They are travels unlit by sources of outside approval, but which, in time, can be illuminated by the indwelling presence of the Sacred. It is by this holy light, this “light within,” that we come to recognize, define, and name ourselves more clearly, more truthfully, and learn to trustingly immerse ourselves in the sacred currents and streams that infuse and shape our story.
Along with her reference to the “subterranean travels” of the “spooked and bedeviled,” the character of Hannah Jelkes, brought so beautifully and convincingly to life by Deborah Kerr, has a number of other great lines:
“I respect a person that has had to fight and howl for his decency and his bit of goodness, much more than I respect the lucky ones that just had theirs handed out to them at birth and never afterwards snatched away from them.”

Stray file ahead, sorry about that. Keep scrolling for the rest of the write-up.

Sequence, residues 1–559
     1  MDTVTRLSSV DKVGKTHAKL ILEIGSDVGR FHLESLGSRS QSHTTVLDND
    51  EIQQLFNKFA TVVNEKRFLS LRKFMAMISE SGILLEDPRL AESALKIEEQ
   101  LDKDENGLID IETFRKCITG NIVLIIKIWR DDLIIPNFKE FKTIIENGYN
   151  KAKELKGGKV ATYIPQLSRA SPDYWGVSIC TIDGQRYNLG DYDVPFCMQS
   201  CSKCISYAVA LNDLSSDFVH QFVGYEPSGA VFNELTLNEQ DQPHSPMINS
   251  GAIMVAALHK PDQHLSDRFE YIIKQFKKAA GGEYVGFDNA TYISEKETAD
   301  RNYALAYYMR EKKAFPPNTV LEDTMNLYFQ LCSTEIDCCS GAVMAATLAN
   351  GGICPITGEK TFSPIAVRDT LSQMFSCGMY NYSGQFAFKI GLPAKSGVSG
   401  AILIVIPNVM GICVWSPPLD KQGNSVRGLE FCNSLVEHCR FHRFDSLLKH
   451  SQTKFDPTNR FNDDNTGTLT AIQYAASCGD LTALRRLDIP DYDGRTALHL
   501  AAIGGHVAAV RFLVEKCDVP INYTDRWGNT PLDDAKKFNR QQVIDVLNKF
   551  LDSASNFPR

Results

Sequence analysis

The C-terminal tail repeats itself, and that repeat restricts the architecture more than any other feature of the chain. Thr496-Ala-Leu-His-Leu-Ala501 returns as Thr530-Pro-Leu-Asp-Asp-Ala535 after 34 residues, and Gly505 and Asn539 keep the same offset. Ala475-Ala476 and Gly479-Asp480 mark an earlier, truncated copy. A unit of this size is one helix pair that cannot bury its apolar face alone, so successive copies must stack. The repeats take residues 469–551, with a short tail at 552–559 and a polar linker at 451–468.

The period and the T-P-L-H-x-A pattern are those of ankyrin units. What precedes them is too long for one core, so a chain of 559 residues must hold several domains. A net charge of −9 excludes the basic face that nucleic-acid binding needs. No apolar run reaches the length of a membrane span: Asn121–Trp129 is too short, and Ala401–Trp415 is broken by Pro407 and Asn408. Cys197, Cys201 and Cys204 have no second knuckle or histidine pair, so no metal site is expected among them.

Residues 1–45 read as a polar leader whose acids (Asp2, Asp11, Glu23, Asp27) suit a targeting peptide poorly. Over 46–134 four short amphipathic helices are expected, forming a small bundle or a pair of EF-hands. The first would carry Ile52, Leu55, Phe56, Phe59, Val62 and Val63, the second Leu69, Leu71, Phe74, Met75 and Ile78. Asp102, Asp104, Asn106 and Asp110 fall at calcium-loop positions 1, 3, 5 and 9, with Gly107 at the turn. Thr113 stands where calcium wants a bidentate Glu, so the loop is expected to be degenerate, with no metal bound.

“I’m a human being and when a member of that fantastic species builds a nest in the heart of another, the question of permanence isn’t the first or even the last thing that’s considered.”
“Nothing human disgusts me unless it’s unkind or violent.”
“This [iguana] is tied by its throat, it can’t bite its own head off to escape from the end of the rope, Mr. Shannon. Can you look at me and tell me, truthfully, that you don’t know it's able to feel pain and panic? . . . Its situation seems very human and so does its desperation. So, Mr. Shannon, will you please cut it loose, set it free? Because if you don’t, I will.”
Recommended Off-site Links:
Deborah Kerr Dies at 86 – Associated Press.
On the Beach with Deborah Kerr: A Kiss, and an Actress, for Eternity - An appreciation by Stephen Hunter.
A review of The Night of the Iguana - Glenn Erickson.